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Switzerland, US Sign FATCA Accord

by Ulrika Lomas,, Brussels

25 July 2013

Switzerland and the United States have signed a Foreign Account Tax Compliance Act (FATCA) agreement in Bern, which will help Swiss financial institutions by simplifying the implementation of the US tax legislation.

The FATCA agreement was signed by Swiss State Secretary Michael Ambühl and by the US ambassador Donald Beyer. During its meeting on February 13, 2013, the Federal Council had already given the Federal Department of Finance (FDF) the go-ahead for the accord to be signed.

Initialed on December 3, 2012, the agreement provides for simplifications in implementing FATCA. The text of the agreement will also be published now that it has been signed. It has to be submitted to the Swiss parliament for approval and is subject to an optional referendum in Switzerland.

With the enactment of FATCA, the United States wishes to ensure that all income earned worldwide by US taxpayers on accounts held abroad can be taxed by the United States. FATCA essentially requires foreign financial institutions to conclude a contract with the US Internal Revenue Service (IRS) that imposes reporting requirements on them regarding identified US accounts. In the case of grave errors being committed during implementation, the IRS may submit requests for information to the financial institutions concerned, about which it has to inform the Swiss authorities. On-site inspections by the IRS at the financial institutions concerned are not permitted.

The FATCA agreement negotiated with Switzerland allows Swiss financial institutions to exchange information with the IRS. The Final Regulations published by the US Treasury and the IRS on January 17, 2013, are applicable to Swiss financial institutions to the extent that the agreement and its annexes do not expressly make provision for derogations from the rules.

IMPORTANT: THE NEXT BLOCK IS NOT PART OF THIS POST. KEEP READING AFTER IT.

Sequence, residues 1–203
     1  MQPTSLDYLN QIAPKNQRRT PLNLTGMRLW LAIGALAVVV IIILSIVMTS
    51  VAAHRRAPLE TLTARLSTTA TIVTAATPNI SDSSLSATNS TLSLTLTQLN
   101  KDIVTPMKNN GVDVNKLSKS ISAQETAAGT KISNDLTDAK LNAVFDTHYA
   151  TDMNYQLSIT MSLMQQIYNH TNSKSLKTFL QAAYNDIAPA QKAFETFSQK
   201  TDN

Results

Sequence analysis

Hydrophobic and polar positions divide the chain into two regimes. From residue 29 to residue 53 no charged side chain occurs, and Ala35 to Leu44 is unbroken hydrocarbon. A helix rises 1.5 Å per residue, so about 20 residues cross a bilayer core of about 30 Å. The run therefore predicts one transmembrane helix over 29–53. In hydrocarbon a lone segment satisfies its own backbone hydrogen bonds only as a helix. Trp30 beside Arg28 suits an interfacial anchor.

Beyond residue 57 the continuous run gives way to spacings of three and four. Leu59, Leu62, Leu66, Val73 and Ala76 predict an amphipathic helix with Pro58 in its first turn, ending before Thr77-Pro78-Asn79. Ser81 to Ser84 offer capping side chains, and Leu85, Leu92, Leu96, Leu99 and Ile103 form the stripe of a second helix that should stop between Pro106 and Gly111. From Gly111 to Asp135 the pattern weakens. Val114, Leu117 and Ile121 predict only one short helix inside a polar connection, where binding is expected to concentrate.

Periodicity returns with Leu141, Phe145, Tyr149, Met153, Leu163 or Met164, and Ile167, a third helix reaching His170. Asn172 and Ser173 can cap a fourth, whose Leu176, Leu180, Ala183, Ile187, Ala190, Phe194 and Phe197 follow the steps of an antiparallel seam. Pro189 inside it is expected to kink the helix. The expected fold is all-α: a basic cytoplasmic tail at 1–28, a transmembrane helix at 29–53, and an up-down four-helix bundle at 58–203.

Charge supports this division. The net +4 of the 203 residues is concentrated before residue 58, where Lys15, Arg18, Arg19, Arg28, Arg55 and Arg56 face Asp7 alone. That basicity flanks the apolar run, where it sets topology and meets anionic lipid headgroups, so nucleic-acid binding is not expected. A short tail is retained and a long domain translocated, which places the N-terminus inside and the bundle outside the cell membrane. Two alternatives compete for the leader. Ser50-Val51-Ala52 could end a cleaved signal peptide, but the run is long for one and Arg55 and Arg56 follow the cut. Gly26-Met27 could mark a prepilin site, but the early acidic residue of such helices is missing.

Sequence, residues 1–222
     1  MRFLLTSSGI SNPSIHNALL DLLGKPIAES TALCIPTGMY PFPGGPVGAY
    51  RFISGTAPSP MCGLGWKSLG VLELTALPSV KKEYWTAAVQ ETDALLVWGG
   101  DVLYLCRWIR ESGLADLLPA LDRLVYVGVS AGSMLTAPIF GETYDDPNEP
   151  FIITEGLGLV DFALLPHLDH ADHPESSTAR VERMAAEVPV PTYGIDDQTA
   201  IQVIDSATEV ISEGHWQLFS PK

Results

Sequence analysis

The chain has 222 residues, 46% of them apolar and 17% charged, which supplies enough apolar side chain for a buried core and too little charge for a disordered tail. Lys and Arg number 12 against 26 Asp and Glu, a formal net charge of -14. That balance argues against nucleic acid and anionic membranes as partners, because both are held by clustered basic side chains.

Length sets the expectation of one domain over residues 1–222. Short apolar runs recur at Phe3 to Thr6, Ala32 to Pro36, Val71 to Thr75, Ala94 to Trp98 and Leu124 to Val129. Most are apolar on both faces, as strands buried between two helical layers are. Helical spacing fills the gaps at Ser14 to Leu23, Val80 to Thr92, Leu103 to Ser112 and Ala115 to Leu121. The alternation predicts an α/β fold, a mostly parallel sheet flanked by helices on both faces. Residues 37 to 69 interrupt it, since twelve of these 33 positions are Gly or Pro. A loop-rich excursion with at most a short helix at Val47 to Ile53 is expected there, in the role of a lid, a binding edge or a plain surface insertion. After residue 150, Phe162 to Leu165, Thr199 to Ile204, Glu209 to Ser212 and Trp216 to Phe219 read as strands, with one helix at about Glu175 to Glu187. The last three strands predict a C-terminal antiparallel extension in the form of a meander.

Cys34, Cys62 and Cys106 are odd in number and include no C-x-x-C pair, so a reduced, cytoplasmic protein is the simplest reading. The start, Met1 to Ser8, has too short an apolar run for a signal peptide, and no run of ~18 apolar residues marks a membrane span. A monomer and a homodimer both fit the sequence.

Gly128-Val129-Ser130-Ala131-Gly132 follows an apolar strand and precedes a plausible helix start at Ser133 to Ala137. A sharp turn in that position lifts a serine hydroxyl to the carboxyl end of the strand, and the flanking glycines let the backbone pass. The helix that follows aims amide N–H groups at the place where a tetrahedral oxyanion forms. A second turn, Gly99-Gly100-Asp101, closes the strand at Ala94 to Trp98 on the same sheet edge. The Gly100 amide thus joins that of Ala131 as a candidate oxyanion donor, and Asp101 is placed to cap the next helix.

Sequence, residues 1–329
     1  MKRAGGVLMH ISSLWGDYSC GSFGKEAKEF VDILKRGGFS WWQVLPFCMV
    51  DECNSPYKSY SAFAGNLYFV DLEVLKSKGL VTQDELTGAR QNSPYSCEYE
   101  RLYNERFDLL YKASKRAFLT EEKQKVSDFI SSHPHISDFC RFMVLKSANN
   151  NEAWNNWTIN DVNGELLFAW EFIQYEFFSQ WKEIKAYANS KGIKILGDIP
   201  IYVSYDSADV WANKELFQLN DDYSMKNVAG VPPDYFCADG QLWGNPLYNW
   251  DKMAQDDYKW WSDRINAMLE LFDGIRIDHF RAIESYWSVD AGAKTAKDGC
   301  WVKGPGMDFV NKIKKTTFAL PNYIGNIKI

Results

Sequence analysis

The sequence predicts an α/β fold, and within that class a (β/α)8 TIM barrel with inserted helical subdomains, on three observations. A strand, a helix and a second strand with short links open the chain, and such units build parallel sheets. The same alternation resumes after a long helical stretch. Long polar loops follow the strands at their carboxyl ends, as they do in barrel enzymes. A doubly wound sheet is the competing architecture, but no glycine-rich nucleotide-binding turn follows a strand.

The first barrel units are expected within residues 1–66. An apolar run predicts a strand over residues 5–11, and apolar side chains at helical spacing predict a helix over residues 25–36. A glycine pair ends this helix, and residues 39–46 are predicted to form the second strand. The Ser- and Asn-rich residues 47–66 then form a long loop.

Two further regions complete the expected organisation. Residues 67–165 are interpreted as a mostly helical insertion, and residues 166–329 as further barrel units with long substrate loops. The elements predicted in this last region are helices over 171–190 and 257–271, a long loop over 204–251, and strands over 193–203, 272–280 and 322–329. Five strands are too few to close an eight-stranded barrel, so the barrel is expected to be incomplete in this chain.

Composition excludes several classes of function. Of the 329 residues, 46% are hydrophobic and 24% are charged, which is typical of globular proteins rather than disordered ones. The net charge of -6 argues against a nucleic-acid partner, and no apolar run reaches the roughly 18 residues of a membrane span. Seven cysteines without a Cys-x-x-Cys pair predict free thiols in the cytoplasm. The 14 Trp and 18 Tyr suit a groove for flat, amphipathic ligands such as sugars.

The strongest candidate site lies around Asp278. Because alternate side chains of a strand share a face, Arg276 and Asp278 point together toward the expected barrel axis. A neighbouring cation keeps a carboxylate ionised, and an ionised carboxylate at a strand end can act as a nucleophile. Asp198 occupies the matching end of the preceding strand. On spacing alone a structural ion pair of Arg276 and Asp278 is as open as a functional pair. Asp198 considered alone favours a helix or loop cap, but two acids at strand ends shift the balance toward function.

The agreement that has now been signed provides for simplifications for large sections of the Swiss financial industry:

  • Social security funds, private pension funds and property and casualty insurers are excluded from the scope of FATCA.
  • Collective investment vehicles and financial institutions with a predominantly local clientele (i.e. at least 98% of clients are from Switzerland or the EU) are deemed FATCA-compliant under certain conditions and are subject only to a registration obligation and the associated obligations.
  • The due diligence requirements for the identification of US clients, to which all other Swiss financial institutions are subject, are designed in such a way that the administrative burden is kept within reasonable limits.

The agreement ensures that accounts held by US persons with Swiss financial institutions are disclosed to the US tax authorities either with the consent of the account holder or by means of group requests within the scope of administrative assistance. Information will not be transferred automatically in the absence of consent, and instead will be exchanged only on the basis of the administrative assistance clause in the double taxation agreement.

As the United States will phase in FATCA from January 1, 2014, Swiss financial institutions will be forced to implement FATCA from this date, irrespective of an agreement between Switzerland and the United States, if they do not want to be excluded from the US capital market. Without an agreement, however, they could not benefit from simplified implementation and would thus be at a disadvantage relative to competitors in other financial centers. It is important therefore that the agreement can come into force on January 1, 2014.

Owing to the urgency and importance of the matter, the Federal Council has decided to conduct an abbreviated consultation on the FATCA agreement as well as on the corresponding implementing act. Interested parties have four weeks to submit their views.

In order to enable swift handling of the approval process, the Federal Council has also announced submission of the FATCA dispatch to the parliamentary offices.

Independent of FATCA, both countries are continuing to work together in good faith to seek a solution for the past. Such a solution must address the law enforcement needs of the United States as well as the interests of Switzerland in a settlement for the Swiss financial sector. In this regard, the successful conclusion of the FATCA negotiations has been considered as a positive signal by the responsible US authorities.

TAGS: Finance | tax | investment | interest | law | enforcement | legislation | Switzerland | United States | Compliance

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